Steve Gould’s last class

Matthew found this on his Twi**er feed, which recounts Stephen Jay Gould’s last classes at Harvard before he died of cancer on May 20, 2002 at age 60.  As you may know, Gould had survived peritoneal mesothelioma, an almost invariably fatal form of cancer that struck him in 1982. Amazingly, he beat the odds on that one. But 20 years later, in February 2002, radiologists found metastasized cancer—probably not a recurrence after all those years. Gould died ten weeks later.

Steve was living in New York City then but also teaching at Harvard, and I heard from one of his former students that he kept teaching classes right up until his death, shortly after the end of classes.

I have to say that although I had scientific disagreements with the man, and wasn’t a big fan of his personality, I always admired his writing and, especially, his calm acceptance of death and his fortitude about “doing his job” right up to the end. Here’s what Matthew found in a series of tweets from a student in Gould’s last “history of life” class.

I didn’t know the part about his mother coming to class with juice for him, but that’s a sweet and archetypically Jewish-mom thing to do:

Another student chimes in:

And here’s a bonus picture Matthew sent of his cat Pepper (one of three) helping him read:

 

26 Comments

  1. GBJames
    Posted September 15, 2017 at 9:37 am | Permalink

    Great story!

  2. Posted September 15, 2017 at 10:18 am | Permalink

    Lovely story – apart from seeing him again… – that will not happen.

    Matthew’s book is Matter by Iain M. Banks – he also sadly died of cancer, aged 59…

  3. Posted September 15, 2017 at 10:29 am | Permalink

    I loved reading this; I was there in 1968 for Steve Gould’s first class as he taught the last 10 weeks of Nat Sci 10 (Intro to Geology) at the time and his lecture series were on evolution. I was also taking Nat Sci 5 Intro to Biology (George Wald etc.) and we had one perhaps but no more than 2 lectures on evolution. Gould had been hired 67/68 and I was a freshman at Harvard. Senior year he helped me with the statistical analyses for my senior honors thesis and he allowed me access to his WANG calculating machine, early runner of a computer. I tell students today that I learned evolution from Gould’s knee as I knew nothing from high school biology and especially growing up in a very traditional farming community in the Bible Belt.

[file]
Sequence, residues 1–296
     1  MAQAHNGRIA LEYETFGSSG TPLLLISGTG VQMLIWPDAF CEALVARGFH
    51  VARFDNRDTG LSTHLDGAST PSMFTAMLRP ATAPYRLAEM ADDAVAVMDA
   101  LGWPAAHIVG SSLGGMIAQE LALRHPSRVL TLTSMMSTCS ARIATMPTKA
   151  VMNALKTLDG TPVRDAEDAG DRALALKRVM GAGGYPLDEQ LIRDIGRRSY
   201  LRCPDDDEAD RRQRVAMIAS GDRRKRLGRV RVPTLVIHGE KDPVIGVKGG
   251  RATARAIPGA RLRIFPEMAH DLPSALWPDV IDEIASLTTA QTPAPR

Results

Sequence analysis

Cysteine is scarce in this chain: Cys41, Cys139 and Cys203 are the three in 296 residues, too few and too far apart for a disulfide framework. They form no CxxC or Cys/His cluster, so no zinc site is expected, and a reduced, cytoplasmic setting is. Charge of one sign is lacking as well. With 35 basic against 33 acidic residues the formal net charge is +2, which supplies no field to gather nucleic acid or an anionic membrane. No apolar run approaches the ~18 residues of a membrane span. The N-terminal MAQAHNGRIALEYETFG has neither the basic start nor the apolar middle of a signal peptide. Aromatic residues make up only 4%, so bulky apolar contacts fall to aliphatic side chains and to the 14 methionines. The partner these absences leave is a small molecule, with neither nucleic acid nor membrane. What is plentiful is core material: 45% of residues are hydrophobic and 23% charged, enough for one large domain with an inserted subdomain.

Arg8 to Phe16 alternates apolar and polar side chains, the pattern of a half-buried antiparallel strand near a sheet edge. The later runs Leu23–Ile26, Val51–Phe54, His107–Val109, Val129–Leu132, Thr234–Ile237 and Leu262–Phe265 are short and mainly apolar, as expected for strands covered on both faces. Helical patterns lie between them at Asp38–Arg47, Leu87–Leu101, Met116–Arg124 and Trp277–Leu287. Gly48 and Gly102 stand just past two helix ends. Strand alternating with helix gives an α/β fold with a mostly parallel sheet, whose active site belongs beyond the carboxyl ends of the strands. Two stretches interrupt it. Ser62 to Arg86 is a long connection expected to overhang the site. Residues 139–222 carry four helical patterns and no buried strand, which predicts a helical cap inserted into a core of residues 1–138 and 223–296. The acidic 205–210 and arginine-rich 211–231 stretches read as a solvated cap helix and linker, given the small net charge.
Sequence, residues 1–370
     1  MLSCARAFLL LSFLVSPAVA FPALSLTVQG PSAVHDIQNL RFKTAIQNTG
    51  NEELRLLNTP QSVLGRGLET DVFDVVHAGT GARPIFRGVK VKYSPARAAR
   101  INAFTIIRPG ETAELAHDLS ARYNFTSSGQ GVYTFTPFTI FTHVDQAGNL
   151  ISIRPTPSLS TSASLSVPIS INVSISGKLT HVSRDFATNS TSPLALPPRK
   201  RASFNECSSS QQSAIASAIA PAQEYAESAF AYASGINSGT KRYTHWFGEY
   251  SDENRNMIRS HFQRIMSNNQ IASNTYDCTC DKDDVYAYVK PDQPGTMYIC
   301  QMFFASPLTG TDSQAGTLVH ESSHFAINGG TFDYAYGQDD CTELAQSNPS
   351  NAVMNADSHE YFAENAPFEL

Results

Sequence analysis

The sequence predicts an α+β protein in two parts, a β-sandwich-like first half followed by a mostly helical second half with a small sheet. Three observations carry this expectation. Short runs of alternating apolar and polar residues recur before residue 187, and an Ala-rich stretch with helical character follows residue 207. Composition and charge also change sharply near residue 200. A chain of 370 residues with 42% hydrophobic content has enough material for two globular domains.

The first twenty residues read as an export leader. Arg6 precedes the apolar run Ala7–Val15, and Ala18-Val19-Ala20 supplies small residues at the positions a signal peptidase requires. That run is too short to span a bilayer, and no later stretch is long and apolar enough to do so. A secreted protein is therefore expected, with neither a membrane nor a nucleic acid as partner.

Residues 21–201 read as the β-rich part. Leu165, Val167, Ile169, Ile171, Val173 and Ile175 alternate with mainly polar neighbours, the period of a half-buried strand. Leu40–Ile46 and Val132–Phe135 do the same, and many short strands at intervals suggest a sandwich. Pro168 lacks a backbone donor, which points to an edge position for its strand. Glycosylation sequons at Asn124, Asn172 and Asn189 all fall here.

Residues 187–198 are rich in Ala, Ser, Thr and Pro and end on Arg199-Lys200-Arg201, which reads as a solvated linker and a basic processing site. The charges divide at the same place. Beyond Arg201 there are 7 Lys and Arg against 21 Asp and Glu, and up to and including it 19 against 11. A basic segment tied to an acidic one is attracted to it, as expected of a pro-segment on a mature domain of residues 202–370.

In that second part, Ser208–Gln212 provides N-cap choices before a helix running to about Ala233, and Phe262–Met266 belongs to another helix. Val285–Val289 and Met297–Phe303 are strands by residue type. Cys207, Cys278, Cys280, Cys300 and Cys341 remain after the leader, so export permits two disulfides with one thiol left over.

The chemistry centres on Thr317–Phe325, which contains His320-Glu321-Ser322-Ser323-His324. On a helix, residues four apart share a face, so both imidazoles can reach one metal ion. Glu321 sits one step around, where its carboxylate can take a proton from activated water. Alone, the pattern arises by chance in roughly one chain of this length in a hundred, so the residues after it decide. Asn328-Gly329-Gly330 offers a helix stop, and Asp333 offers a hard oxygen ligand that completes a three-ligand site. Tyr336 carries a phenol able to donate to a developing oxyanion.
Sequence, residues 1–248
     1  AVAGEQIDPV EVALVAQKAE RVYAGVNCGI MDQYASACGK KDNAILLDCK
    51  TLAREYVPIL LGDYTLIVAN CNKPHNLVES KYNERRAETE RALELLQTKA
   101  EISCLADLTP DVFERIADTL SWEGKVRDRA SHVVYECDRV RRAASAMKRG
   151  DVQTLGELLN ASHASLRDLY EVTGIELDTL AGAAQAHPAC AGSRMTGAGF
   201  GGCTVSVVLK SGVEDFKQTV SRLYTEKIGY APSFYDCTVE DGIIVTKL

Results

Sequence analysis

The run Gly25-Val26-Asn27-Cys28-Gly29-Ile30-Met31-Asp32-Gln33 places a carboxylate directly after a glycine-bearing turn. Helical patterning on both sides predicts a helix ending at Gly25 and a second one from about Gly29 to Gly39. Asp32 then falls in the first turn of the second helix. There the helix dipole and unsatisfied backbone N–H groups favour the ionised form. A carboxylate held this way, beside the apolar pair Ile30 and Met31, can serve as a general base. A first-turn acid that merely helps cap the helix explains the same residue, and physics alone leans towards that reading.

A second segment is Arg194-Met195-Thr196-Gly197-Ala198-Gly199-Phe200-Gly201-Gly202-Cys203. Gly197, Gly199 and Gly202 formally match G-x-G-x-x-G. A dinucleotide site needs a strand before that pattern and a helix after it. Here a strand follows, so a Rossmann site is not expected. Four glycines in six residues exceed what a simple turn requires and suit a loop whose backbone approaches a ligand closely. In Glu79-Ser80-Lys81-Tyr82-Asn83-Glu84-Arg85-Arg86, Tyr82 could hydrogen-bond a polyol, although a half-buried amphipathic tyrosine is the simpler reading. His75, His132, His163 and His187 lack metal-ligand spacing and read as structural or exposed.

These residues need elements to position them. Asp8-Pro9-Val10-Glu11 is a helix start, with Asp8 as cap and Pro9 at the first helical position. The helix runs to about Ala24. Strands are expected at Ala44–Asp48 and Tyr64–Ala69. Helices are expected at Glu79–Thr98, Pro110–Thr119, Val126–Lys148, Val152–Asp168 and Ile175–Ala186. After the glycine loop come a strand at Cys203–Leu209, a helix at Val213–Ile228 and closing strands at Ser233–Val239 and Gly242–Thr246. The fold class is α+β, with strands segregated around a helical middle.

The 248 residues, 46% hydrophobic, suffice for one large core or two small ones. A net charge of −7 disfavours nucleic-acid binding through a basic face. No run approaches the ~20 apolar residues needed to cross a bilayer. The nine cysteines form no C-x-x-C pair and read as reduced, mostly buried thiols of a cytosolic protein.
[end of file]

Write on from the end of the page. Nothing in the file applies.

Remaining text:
4. Posted September 15, 2017 at 10:32 am | Permalink

    That particular creationist TA for Gould taught at William Jennings Bryan College for many years – no longer there and I don’t recall his name. The last time I saw Steve alive in the late 80s he did mention that the student had actually carried out an excellent dissertation.

    • Desnes Diev
      Posted September 15, 2017 at 10:58 am | Permalink

      Kurt Wise, perhaps. To my knowledge, it didn’t change his mind about creationism.

  5. Richard Bond
    Posted September 15, 2017 at 10:35 am | Permalink

    I am very ambivalent about Gould. Much of the stuff that he wrote was interesting, but he always seemed to me to be too concerned to appear as a maverick intellectual. I read Wonderful Life, and my reaction was so what? One of his last books, The Hedgehog, the Fox, and the Magister’s Pox was dreadful. It would never have been accepted for publication if it had not been for his reputation. It never really addressed its purported subject, and was full of arrogant posing about his intellectual credentials; I do not need condescending lectures on the subjunctive mood, but Gould seemed to think that few of his readers could cope with his mighty intellect without explanations fit for a child. He was always handicapped by his failure to understand statistics: his “can there be any edge in looking 5 percent like a turd” about dung beetles could have been written by a creationist.

    • Posted September 15, 2017 at 10:42 am | Permalink

      As SJG might have said, De mortuis nil nisi bonum.

      • Posted September 15, 2017 at 10:49 am | Permalink

        merci beaucoup mon ami

      • Richard Bond
        Posted September 15, 2017 at 11:33 am | Permalink

        Very good!

      • Diane G.
        Posted September 15, 2017 at 11:59 pm | Permalink

        + 3

  6. harrync
    Posted September 15, 2017 at 12:08 pm | Permalink

    Nicole Cliffe’s cool professor story beats mine by a long shot, but I am still going to tell mine. I stagger into my 7:30 am thermodynamics class in a basement classroom in the now demolished Stanford physics “tank”. Someone has written on the blackboard “Professor Hofstadter has won the Nobel Prize in Physics.” The professor enters [to mild applause, if I remember correctly], reads the board, erases it, and we proceed to have a normal class session. [Yes, 7:30; first day of class, Professor Hofstadter announced that if no one objected, this Tuesday-Thursday-Saturday 8:00 am class will be Tuesday-Thursday 7:30.] And I can’t resist adding that this class was where I first heard the correct way to state the three laws of thermodynamics: 1) You can’t win. 2)You always loose unless you are at absolute zero. 3) You can’t be at absolute zero.